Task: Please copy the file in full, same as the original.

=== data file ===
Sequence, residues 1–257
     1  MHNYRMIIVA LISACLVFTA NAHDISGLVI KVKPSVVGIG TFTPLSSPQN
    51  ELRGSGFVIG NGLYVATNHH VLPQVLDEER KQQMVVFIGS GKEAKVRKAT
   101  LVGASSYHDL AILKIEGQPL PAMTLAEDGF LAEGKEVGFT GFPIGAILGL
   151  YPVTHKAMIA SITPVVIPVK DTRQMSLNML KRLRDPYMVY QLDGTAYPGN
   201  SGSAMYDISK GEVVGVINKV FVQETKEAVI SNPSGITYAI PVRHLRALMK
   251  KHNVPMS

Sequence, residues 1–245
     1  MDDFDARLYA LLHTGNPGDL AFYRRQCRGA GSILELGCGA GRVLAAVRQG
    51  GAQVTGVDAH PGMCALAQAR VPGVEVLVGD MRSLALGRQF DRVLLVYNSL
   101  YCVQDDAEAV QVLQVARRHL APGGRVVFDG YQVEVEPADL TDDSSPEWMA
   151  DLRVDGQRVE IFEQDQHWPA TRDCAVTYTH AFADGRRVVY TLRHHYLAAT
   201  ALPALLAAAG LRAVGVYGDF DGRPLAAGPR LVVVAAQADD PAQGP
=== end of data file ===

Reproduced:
Sequence, residues 1–257
     1  MHNYRMIIVA LISACLVFTA NAHDISGLVI KVKPSVVGIG TFTPLSSPQN
    51  ELRGSGFVIG NGLYVATNHH VLPQVLDEER KQQMVVFIGS GKEAKVRKAT
   101  LVGASSYHDL AILKIEGQPL PAMTLAEDGF LAEGKEVGFT GFPIGAILGL
   151  YPVTHKAMIA SITPVVIPVK DTRQMSLNML KRLRDPYMVY QLDGTAYPGN
   201  SGSAMYDISK GEVVGVINKV FVQETKEAVI SNPSGITYAI PVRHLRALMK
   251  KHNVPMS

Sequence, residues 1–245
     1  MDDFDARLYA LLHTGNPGDL AFYRRQCRGA GSILELGCGA GRVLAAVRQG
    51  GAQVTGVDAH PGMCALAQAR VPGVEVLVGD MRSLALGRQF DRVLLVYNSL
   101  YCVQDDAEAV QVLQVARRHL APGGRVVFDG YQVEVEPADL TDDSSPEWMA
   151  DLRVDGQRVE IFEQDQHWPA TRDCAVTYTH AFADGRRVVY TLRHHYLAAT
   201  ALPALLAAAG LRAVGVYGDF DGRPLAAGPR LVVVAAQADD PAQGP